Among the other head-scratching terms the FBI considers can’t-miss Internet slang:

AYFKMWTS (“are you f—— kidding me with this s—?”) — 990 tweets
BFFLTDDUP (“best friends for life until death do us part) — 414 tweets
BOGSAT (“bunch of guys sitting around talking”) — 144 tweets
BTDTGTTSAWIO (“been there, done that, got the T-shirt and wore it out”) — 47 tweets
BTWITIAILWY (“by the way, I think I am in love with you”) — 535 tweets
DILLIGAD (“does it look like I give a damn?”) — 289 tweets
DITYID (“did I tell you I’m depressed?”) — 69 tweets
E2EG (“ear-to-ear grin”) — 125 tweets
GIWIST (“gee, I wish I said that”) — 56 tweets
HCDAJFU (“he could do a job for us”) — 25 tweets
IAWTCSM (“I agree with this comment so much”) — 20 tweets
IITYWIMWYBMAD (“if I tell you what it means will you buy me a drink?”) — 250 tweets
LLTA (“lots and lots of thunderous applause”) — 855 tweets
NIFOC (“naked in front of computer”) — 1,065 tweets, most of them referring to acronym guides like this one.
PMYMHMMFSWGAD (“pardon me, you must have mistaken me for someone who gives a damn”) — 128 tweets
SOMSW (“someone over my shoulder watching) — 170 tweets
WAPCE (“women are pure concentrated evil”) — 233 tweets, few relating to women
YKWRGMG (“you know what really grinds my gears?”) — 1,204 tweets
In all fairness to the FBI, they do get some things right: “crunk” is helpfully defined as “crazy and drunk,” FF is “a recommendation to follow someone referenced in the tweet,” and a whole range of online patois is translated to its proper English equivalent: hafta is “have to,” ima is “I’m going to,” kewt is “cute.”

One would hope the people tasked with investigating federal crimes could decipher that kind of thing through context clues … but the Internet is a vast, dizzying place! And both the law and law enforcement, as many, many recent cases have attested, lag painfully behind technology and technology culture — to the detriment of people in those spaces who need help.

So while I might wanna (want to) LMSO (laugh my socks off) over this glossary, it’s actually kind of serious, when you TOTT (think on these things).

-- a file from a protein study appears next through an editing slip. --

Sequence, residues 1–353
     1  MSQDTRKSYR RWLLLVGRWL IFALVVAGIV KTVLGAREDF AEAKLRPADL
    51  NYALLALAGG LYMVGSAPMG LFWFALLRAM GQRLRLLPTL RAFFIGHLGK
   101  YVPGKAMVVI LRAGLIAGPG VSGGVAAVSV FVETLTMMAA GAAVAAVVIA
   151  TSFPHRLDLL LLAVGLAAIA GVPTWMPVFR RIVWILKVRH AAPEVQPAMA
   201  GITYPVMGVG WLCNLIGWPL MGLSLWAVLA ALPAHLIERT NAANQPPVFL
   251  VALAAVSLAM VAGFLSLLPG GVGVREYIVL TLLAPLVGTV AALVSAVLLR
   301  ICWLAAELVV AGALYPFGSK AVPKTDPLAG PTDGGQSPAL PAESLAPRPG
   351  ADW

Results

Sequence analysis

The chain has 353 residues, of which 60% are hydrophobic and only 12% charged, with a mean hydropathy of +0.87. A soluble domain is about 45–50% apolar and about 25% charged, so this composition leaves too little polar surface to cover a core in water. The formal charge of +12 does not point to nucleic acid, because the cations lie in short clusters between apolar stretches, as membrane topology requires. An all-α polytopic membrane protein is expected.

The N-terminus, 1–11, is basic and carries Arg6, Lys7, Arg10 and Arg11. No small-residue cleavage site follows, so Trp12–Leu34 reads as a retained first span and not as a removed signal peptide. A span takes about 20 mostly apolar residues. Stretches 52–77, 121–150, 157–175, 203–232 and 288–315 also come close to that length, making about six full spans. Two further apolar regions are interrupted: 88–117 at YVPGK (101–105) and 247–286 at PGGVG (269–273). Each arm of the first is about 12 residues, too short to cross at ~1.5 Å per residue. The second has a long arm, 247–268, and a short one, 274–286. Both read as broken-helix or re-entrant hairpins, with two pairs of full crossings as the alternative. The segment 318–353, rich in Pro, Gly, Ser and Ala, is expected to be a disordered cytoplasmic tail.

:lulz: :horrormirth: :lulz:

Aneristic Illusions / Credit Suisse & The List
« on: May 29, 2014, 02:21:43 am »

 :lulz: Lol, releasing those names is a matter of Swiss National Security. We're never going to see that whole list. Seriously, think about the inverse situation, the US would cry "National Security" in a millisecond. Good meme for collecting folks name, email, and zip, tho.

Aneristic Illusions / The Rule of Law - California edition
« on: May 10, 2014, 04:00:54 pm »
(Great start, Cain. Thanks for the idea.)

Note in the below that the concept of killing all the cell phone in a region at once is never mentioned. Also, most cell IP holders are incorporated in California, and if this is the spec required by law, its the spec in all phones everywhere. The push for this, then is probably from out-of-state interests.

Sacramento --

California moved one step closer to requiring all smartphones sold in the state to come pre-equipped with antitheft technology in hopes of curbing street robberies that target the pricey devices.

The state Senate approved a bill Thursday that requires kill switches to be activated on smartphones, a mandate that the wireless industry said is unnecessary, although major cell phone manufacturers Apple and Microsoft removed their opposition this week.

The bill's author, San Francisco Democratic Sen. Mark Leno, said he's pleased the bill passed, particularly because it failed its first vote in the Senate last month after several Democrats voted against it. The bill needed 21 votes to pass and garnered 19 ayes on April 24 when it was first heard in the Senate.

On Thursday, the bill was sent to the Assembly after a 26-8 vote.

"This is about making our communities safe," Leno said. "A crime that didn't exist several years ago is rampant in our neighborhoods. Those caught and convicted refer to it as apple picking, because it's such low fruit and it's so easy to do, and we want to make sure that convenience is taken away."

Leno said SB962 would deter cell phone thefts by allowing owners to remotely render their device inoperable if it is lost or stolen, which limits the resale value of a phone.

Many law enforcement agencies and organizations backed the bill, including the California District Attorneys Association, California Police Chiefs Association and BART police.

San Francisco District Attorney George Gascón, one of the leaders pushing for the kill switch, welcomed the vote as a major step forward in a "very hard-fought battle."

3 million robberies
He said that within about three years of implementation, the shutoff feature should make a substantial dent into the problem of smartphone robberies, which hit 3 million people in the U.S. last year.

He said preliminary figures for last year show that smartphones and other mobile devices accounted for 67 percent of San Francisco's robberies.

"We're talking about an epidemic," he said, which had been fueled by an industry that has profited by victimization to the tune of $38 billion or more annually based on replacement of lost or stolen phones.

Oakland leaders called Leno's bill an innovative strategy to reduce robberies and burglaries. According to police data, 84 percent of armed robberies in Oakland so far this year have involved a cell phone.